Update – Wednesday, July 31: The Federal Motor Carrier Safety Administration announced in a Federal Register notice that is has extended the comment period for the advance notice of proposed rulemaking that seeks comments about regulations regarding autonomous trucks.
The new comments deadline is Wednesday, Aug. 28. FMCSA says it received a request from the American Trucking Associations and U.S. Chamber of Commerce’s Technology Engagement Center to extend the comment period for 30 days, “stating that the additional time was needed to coordinate with and gather information from members and more usefully respond to the detailed questions posed in the ANPRM.”
Original story follows:
Editor’s note: FMCSA originally stated the comment period for its rule would close on Aug. 26. The agency issued an update to amend the comment period closing date to July 29 to match up with NHTSA’s ANPRM.
Trucking industry stakeholders can now comment on two pre-rules from the U.S. Department of Transportation regarding the regulatory path to integrating autonomous trucks and cars onto public roads.
The Federal Motor Carrier Safety Administration and the National Highway Traffic Safety Administration each published advance notices of proposed rulemaking in the Federal Register that seek public comment about regulations that may need to be amended, revised or eliminated to allow the introduction of autonomous vehicles to U.S. highways.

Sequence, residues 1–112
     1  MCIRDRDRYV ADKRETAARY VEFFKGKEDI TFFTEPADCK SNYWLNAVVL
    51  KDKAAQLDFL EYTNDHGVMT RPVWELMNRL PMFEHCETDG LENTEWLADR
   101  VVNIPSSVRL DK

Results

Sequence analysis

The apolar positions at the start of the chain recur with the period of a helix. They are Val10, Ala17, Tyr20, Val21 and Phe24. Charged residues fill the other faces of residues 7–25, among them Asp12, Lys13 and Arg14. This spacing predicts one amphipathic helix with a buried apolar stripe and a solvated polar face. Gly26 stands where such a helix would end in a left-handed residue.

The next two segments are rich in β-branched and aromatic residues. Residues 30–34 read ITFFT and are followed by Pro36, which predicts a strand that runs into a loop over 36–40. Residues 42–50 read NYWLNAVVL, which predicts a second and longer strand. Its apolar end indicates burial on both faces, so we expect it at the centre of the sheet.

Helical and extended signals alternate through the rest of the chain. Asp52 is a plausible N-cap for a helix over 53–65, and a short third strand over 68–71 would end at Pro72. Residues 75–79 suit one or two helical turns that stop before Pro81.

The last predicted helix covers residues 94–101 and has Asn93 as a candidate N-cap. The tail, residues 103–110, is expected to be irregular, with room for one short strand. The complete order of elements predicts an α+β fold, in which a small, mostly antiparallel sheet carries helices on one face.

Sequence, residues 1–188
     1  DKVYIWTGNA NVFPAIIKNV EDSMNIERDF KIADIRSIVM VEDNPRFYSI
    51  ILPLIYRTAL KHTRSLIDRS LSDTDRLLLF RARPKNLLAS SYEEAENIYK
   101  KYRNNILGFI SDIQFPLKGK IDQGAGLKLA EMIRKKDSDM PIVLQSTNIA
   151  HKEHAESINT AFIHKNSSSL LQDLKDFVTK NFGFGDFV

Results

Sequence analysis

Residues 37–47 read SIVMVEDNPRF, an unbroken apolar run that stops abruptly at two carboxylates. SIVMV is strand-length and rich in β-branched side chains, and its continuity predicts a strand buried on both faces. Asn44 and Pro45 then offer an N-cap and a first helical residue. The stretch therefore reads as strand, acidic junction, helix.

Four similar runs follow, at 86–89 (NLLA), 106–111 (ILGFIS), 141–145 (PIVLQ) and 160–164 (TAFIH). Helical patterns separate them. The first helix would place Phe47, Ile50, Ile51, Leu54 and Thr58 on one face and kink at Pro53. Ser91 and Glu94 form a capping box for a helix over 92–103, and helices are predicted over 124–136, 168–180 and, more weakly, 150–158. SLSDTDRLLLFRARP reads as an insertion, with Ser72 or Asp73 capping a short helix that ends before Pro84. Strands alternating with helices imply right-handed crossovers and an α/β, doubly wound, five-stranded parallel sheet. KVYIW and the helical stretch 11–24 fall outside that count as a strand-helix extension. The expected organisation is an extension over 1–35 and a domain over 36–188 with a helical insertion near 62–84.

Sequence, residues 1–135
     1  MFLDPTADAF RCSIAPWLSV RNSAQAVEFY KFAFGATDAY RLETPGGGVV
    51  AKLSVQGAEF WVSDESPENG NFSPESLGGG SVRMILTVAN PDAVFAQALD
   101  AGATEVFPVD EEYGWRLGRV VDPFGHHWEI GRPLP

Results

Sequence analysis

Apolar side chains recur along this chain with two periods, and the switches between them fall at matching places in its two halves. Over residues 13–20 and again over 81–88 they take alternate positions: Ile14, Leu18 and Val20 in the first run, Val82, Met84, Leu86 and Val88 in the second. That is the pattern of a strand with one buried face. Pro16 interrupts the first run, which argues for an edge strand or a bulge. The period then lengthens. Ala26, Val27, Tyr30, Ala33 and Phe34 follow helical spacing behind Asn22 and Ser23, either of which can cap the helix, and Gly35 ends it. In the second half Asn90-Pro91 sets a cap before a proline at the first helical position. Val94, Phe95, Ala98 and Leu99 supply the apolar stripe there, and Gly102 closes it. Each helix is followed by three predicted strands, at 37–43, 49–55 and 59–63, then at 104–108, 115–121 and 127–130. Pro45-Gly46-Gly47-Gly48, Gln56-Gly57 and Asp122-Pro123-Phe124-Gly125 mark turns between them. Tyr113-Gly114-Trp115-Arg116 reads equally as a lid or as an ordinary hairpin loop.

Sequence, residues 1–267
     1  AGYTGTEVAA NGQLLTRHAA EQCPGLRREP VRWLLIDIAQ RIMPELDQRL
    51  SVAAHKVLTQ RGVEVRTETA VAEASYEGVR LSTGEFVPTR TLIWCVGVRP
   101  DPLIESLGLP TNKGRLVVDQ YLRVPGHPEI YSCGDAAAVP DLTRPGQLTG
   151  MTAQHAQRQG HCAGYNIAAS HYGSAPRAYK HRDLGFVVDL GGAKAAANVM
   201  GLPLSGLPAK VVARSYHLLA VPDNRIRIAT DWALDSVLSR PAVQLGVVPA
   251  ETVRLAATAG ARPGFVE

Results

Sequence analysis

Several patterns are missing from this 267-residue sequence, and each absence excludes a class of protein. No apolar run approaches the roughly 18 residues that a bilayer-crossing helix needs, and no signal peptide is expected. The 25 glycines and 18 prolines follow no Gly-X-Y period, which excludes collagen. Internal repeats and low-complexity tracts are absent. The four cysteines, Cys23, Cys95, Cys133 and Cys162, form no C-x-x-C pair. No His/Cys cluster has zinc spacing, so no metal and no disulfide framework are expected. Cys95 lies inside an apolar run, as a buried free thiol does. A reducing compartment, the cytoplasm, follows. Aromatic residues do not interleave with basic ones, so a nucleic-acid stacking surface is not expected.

- Do the Federal Motor Carrier Safety Regulations require a human driver?
- CDL endorsements for automated driving system (ADS) operators
- Hours of service rules for ADS operators
- Medical qualifications for ADS operators
- Distracted driving and monitoring
- Safe driving
- Inspection, repair and maintenance of ADS-equipped trucks
- Roadside inspections of ADS-equipped vehicles
- Confidentiality of shared information
There are a number of questions under each topic, which can be seen in Section XI of the ANPRM here.
The comment period of NHTSA’s notice is open here through July 29. NHTSA’s notice extends beyond trucks and covers passenger vehicles. The agency is seeking public input on the near- and long-term challenges of testing and verifying compliance with existing crash avoidance Federal Motor Vehicle Safety Standards for ADS-equipped vehicles that do not have traditional manual controls for a human driver to maneuver the vehicle.
NHTSA says its goal with this ANPRM is to use the information it gathers from it, as well as its other research efforts, to develop a proposal to amend the crash avoidance FMVSS.
Specifically, NHTSA says it is interested in comments about different approaches to revising crash avoidance test procedures. The agency lists a number of questions in Section VI of the notice about how it can or should test crash avoidance systems in vehicles that are not equipped with manual controls.